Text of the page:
onion, garlic, spice: $1
mirin, umeboshi, miso: $2
pecan: $1.50
onion, garlic, balsamic, sugar: $2
crackers: $2
Total to make apps for 8:

tortillas: $2
potato: $2
cheeze (cashew, agar): $3
black beans, corn, garlic, spices: $3.50
tomato, pepper, lime: $2
Total to make 5 servings:

Coconut Tofu with Sweet Chili Dipping Sauce

Lentil Pecan Pate Platter with Onion Confit

Oaxaca Tacos with Black Bean Stew

Oct 18, 2010


I'm pretty sure I saw someone do this somewhere, so I can't claim originality. I removed the crust from soft whole wheat bread and rolled out  the slices of bread very thin. I smeared some Hungarian cream cheese (paprika, Better Than Cream Cheese, green onion, salt and pepper) on the slices and rolled them up.

It was very simple and easy and tasted pretty good. It made a great picnic/to go lunch fare and that's exactly what I needed a half hour before we were supposed to leave.

Cost Breakdown:
bread: $2
Better Than Cream Cheese: $2
spices, green onions: $1
Total to make 10 logs:

Sep 9, 2010

creamy spinach and artichoke dip

Our homeschool group had our Not-Back-To-School potluck picnic today. I brought my Spinach and Artichoke Dip and it was a hit! One mom even called it "her dessert." It's great to have pleased a nice bunch of moms with something as easy as this.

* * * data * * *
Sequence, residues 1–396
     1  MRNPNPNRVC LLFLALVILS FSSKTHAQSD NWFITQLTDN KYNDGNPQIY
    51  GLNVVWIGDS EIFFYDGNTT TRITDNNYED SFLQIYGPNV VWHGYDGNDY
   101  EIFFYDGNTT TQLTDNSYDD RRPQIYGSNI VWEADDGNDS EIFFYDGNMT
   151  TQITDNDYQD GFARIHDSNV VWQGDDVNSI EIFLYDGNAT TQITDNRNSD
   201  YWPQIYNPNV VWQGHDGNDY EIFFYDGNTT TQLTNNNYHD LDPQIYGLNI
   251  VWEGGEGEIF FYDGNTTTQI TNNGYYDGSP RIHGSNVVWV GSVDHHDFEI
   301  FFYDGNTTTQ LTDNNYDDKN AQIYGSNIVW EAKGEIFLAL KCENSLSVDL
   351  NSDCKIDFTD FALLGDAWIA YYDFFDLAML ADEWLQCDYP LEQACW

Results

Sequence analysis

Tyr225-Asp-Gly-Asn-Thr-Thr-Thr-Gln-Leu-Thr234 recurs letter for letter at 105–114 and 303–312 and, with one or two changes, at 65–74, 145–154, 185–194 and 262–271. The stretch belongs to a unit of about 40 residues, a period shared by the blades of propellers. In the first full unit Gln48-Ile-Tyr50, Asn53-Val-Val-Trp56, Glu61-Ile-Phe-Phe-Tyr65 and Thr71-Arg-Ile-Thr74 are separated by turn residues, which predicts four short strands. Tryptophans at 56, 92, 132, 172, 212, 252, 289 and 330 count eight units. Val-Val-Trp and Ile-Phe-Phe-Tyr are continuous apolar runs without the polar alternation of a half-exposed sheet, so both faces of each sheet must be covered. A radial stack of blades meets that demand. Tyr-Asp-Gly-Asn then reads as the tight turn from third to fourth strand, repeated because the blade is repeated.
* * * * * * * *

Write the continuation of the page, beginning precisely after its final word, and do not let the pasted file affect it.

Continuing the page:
I will be posting the recipe soon, so hang on. This has spinach, artichokes, Better Than Cream Cheese, veganaise, lemon, and roasted garlic. I've been making this for potlucks for years, always bringing home an empty dish.

A little about the cost.
I had to buy the artichokes from a Safeway store because Whole Foods was not open yet, and I paid $4 for a bottle of artichokes that I pay $2 for at Whole Foods. If you are fortunate enough to live near one and are not shopping there for the 'specialy' items, Whole Foods is a bargain. Their strict buying practices are a bonus as they do not sell anything of questionable ingredients; in fact, it was as a Whole Foods clerk was pulling  Willow brand margarine off the shelves that I learned the hazards of hydrogenated vegetable oil. Whole Foods does not deserve their 'whole paycheck' nickname if you shop for wholesome, great groceries.

Cost Breakdown:
spinach: $2
artichoke: $4
panko: $1
lemon: $.50
bread/cracker: $3
garlic, olive oil: :$.75
veganaise, Better than Cream Cheese: $3
Total to feed 15 people apps:

Jul 19, 2010